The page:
On January 25 2012, The Community Partnership for the Prevention of Homelessness (TCP) and street outreach volunteers conducted the Point in Time (PIT) census and survey of homeless persons in the District of Columbia. In recounting the count, I noted that data collection tracks progress and informs service providers, policymakers, the public, and other anti-poverty measures. This single day snapshot of the homeless services continuum of care helps TCP and partners in District government to identify gaps in the current portfolio of services and informs future program planning. PIT has been completed annually by TCP since 2001 and is conducted in accordance with the U.S. Dept. of Housing and Urban Development’s reporting standards.
Quick Facts from PIT 2012
- 6,954 persons were counted during PIT, a 6.2 percent increase overall from the 2011 count of 6,546The number of unaccompanied individuals counted decreased by 2.4% from 2011, while the number of families increased by 18.6%
- 3,767 unaccompanied homeless individuals and
- 3,187 adults and children in 1,014 homeless families
- 3,772 persons were counted in Emergency Shelters
- 2,503 persons were counted in Transitional Housing facilities
- 679 unsheltered persons were counted by professional street outreach workers and volunteer teams that canvassed the city on the night of the count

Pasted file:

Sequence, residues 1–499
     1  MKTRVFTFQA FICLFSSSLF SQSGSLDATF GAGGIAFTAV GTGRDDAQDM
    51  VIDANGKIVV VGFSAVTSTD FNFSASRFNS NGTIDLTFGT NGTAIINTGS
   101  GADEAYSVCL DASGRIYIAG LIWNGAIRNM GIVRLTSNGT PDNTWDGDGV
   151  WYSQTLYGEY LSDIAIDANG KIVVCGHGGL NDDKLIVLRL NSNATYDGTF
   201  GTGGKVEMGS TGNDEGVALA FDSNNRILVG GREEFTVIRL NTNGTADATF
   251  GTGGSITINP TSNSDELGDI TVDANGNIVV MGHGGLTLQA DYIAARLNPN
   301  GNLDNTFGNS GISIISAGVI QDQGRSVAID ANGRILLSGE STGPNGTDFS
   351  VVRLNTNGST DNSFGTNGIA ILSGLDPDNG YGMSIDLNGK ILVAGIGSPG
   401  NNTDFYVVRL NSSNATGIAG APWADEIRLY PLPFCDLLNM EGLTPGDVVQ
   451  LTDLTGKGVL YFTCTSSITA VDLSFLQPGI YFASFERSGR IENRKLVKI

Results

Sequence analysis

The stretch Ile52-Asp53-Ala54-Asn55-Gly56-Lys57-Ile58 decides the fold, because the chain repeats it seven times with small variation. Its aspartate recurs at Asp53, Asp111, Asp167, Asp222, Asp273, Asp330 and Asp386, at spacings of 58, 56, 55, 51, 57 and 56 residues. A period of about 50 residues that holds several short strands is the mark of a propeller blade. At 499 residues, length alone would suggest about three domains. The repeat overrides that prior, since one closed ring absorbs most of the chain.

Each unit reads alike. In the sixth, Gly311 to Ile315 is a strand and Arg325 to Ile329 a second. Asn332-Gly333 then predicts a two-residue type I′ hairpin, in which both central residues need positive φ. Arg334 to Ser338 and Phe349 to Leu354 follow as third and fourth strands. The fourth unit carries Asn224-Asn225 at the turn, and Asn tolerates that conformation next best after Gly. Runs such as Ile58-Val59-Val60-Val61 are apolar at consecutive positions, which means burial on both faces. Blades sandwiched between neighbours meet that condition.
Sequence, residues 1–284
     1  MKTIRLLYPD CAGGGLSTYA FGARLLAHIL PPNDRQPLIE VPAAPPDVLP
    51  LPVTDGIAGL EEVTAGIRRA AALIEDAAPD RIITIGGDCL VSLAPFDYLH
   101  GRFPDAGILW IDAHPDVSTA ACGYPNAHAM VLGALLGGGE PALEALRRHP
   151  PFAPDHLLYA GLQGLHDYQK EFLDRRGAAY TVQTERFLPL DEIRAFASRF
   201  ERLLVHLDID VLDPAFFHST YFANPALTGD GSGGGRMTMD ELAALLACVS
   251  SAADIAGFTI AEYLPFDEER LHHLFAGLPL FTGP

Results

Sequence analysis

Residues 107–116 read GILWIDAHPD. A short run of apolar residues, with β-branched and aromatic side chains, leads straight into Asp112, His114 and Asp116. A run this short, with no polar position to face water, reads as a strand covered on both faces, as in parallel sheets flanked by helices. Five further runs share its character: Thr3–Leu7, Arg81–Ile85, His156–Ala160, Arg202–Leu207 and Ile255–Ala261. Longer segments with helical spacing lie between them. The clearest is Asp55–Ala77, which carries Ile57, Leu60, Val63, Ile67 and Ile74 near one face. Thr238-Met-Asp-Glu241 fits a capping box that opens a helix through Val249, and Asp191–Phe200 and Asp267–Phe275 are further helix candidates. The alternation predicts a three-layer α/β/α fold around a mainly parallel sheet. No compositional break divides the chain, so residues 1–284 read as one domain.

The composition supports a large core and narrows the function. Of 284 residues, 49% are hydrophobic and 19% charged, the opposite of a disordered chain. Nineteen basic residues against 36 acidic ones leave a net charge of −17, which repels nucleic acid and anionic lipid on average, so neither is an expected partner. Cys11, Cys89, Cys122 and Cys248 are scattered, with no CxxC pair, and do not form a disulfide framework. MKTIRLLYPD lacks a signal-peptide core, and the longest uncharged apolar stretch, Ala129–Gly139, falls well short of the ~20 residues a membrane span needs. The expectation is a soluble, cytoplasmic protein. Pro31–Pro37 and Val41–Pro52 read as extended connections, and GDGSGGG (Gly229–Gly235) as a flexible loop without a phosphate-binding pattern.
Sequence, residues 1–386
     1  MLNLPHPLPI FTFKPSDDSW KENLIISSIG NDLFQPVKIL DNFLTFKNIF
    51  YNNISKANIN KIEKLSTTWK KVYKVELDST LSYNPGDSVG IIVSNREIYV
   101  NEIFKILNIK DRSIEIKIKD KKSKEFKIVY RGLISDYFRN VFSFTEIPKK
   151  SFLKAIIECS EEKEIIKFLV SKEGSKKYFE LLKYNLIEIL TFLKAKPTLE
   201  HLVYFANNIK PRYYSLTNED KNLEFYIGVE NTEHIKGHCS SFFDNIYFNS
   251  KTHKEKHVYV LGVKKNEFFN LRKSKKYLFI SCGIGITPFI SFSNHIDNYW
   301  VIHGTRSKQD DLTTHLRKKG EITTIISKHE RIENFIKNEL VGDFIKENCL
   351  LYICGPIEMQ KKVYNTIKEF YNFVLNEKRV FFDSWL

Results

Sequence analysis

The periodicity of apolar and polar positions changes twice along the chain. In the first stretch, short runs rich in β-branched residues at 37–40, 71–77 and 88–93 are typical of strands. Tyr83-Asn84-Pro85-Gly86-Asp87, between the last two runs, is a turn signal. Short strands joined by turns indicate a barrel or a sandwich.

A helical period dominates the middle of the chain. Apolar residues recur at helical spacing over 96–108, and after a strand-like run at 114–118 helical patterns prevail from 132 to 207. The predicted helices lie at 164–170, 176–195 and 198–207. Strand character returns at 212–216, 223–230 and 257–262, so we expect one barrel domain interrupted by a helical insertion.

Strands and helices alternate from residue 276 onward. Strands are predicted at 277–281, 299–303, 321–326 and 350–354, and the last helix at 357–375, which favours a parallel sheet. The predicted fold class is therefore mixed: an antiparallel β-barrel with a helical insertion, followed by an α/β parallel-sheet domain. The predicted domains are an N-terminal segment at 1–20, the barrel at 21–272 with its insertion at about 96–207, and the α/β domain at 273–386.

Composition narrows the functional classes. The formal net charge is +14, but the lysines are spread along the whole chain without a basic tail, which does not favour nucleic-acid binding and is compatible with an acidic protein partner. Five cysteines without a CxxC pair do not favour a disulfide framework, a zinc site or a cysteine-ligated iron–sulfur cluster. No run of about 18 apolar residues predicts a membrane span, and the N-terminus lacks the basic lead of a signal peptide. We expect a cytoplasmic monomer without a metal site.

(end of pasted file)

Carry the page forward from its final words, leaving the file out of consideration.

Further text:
- 12% of homeless adults surveyed reported having served in the United States Armed Forces.
- One third of adult homeless persons reported a chronic health problem, and 22% reported a physical disability
In quantifying, localizing, and putting faces to homelessness, the PIT “snapshot” renews and rededicates Behrend Builders and the Morris Cafritz Center for Community Service commitment to social justice work. In working with shelters, at-risk families, or the chronically hungry, our programming and volunteers seek to improve the health and quality of life of individuals suffering from homelessness. With DC homelessness on the rise and many more sleeping outside, we can no longer be asleep when the need for anti-poverty services is as critical as ever.
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